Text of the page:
Good practice responses

  • If you don't respond to sexual, domestic or family violence often, our Introduction to responding page is a good place to start
  • For those with the relevant training there are three basic steps to responding effectively to domestic and family violence, these continue to apply in a disaster situation
  • There are also things you can do to improve your organisation's response to domestic and family violence in times of disaster
  • For more information visit the Gender and Disaster Pod.

Three steps for effective response

For workers and professionals with the relevant training, there are three basic steps to responding effectively to sexual, domestic and family violence:

  1. Encourage and support disclosure (screening) 
  2. Identify dangers (risk assessment)
  3. Work with the client to enhance their safety (safety planning)

These steps can be adapted to individual workplaces and should be implemented together.

Disclosure requires trust. Quite often, initial disclosure of sexual assault, domestic or family violence is not to specialist counsellors or service providers. It may be to a health professional, counsellor or emergency worker. It could be a teacher or someone else with whom the person already has a trusting relationship.

In a disaster situation there may be particular reasons someone is hesitant to disclose that they have experienced violence. For example:

  • If another person is in control of the family emergency plan a woman may feel she and her children are at greater risk without them
  • If someone has acted heroically in the eyes of the community it may be felt that reports of their violent behaviour will not be believed
  • People may be discouraged from disclosing by family, friends or a community excusing the violent person’s behaviour on account of stress or trauma
  • Lack of childcare and transport, closure of schools, and potential homelessness may limit someone’s options for leaving the abusive situation
  • The person may rely on the perpetrator for support with personal care, medications and equipment (such as wheelchairs or mobility aids)

Disclosure is a very big step and if a person is not believed and supported, or if they don’t get the help they need, they may be hesitant to seek help again. 

Risk assessment is a structured and systematic approach to understanding and assessing risk. It is linked to safety planning and should be used when violence is suspected or reported.

In a disaster situation women and their children will likely be facing a range of risks in addition to any risk of sexual, domestic or family violence. 

For example:

  • Access to transport, services, finances, childcare, important documents and even food and shelter, may be restricted due to the disaster or a partner, family member or other person's response to it
  • Family, friends and neighbours who are ordinarily able to provide support may be busy with their own disaster response activities
  • There may be extra challenges in enforcing intervention orders in the face of a disaster
  • The person may rely on the perpetrator for support with personal care, medications and equipment (such as wheelchairs or mobility aids)

Risk assessment means making a professional judgement about the risk factors that are present combined with the woman’s assessment of risk, to determine:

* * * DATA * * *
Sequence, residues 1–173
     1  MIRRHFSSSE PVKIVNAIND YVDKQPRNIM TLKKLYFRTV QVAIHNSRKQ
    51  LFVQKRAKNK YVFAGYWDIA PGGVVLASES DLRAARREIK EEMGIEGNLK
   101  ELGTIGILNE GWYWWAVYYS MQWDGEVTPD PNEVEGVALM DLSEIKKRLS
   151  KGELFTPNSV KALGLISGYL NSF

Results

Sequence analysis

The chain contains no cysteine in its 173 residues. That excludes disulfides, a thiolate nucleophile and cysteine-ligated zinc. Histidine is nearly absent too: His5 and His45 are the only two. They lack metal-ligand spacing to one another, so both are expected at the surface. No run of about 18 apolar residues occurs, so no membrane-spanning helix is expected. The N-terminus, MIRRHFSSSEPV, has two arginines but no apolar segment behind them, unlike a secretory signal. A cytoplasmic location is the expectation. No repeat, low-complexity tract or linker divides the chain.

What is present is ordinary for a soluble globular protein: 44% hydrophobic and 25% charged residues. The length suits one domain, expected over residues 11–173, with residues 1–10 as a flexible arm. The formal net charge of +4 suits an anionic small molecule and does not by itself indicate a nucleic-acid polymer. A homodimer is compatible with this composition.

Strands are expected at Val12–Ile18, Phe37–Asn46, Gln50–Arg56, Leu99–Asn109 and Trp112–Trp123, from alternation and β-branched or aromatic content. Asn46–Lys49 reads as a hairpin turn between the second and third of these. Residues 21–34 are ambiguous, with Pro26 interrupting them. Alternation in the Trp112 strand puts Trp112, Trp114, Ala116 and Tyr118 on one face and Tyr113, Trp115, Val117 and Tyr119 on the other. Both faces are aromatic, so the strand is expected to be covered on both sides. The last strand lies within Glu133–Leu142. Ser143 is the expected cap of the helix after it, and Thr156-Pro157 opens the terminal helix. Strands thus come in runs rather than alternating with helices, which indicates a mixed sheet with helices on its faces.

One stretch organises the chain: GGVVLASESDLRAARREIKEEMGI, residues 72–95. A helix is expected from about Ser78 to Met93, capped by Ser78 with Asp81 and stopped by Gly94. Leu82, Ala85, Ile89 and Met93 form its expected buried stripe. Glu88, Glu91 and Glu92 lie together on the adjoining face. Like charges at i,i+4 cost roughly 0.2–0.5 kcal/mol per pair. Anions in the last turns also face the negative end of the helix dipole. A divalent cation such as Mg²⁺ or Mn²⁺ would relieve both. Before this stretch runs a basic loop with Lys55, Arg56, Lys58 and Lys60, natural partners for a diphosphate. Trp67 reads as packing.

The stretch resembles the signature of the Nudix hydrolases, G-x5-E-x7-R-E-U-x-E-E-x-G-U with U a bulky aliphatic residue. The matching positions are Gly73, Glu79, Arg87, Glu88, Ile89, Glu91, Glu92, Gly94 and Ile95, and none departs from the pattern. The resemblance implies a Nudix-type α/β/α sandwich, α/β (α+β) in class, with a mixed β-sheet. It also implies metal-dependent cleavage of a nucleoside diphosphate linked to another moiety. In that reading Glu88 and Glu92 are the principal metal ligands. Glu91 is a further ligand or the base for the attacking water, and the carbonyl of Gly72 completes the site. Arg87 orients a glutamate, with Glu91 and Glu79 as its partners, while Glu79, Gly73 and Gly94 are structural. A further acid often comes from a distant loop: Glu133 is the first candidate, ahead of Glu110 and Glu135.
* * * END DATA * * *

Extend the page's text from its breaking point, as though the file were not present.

• The likelihood of future violence, and
  • The danger level, or potential lethality, of future violence 

A risk framework coordinates the implementation of risk assessment and safety planning. We recommend you read the Risk Assessment Framework and Tools pages.

Safety planning is important for anyone affected by sexual, domestic or family violence, but becomes increasingly important in times of disaster.

Here are a few important things to remember when assisting someone with safety planning:

  • You may need to use expert services to assist you. If a woman wants these services, refer to experts in the domestic violence, legal, cultural and ongoing support fields. Search our services directory for relevant support services, or phone 1800RESPECT on 1800 737 732
  • If children are involved, you may find our Children and voilence page helpful
  • You may have mandatory reporting responsibilities if children are at risk of harm
  • A safety plan can be part of building a trust relationship. This relationship may be the most important resource for people affected by sexual, domestic and family violence

Organisational responses

To improve your organisation's response during times of disaster consider implementing the recommendations made by the Gender and Disaster Pod.

These include:

  • Conducting a gender and disaster audit of your service
  • Ensuring workers in your service have undertaken Risk Assessment and Safety Planning training (or similar) to identify and respond effectively
  • Establishing methods for compiling accurate statistics, for example, a tick box in data collection forms
  • Including specialist sexual assault, domestic and family violence, and other relevant services in disaster response and recovery planning bodies

For more information, ideas and resources on planning and responding to violence against women in times of disaster, visit the Gender and Disaster Pod

Vicarious trauma and resilience

Helping and supporting others through disaster can be rewarding, it can also be demanding. When working with people experiencing the impacts of disaster, your own health is important. Our work-induced stress and trauma pages contain information on working with trauma and resilience. 1800RESPECT counselling is also available for workers and professionals. Contact 1800RESPECT on 1800 737 732 or through online chat to speak with a trained counsellor.

This information was developed in collaboration with the Gender and Disaster Pod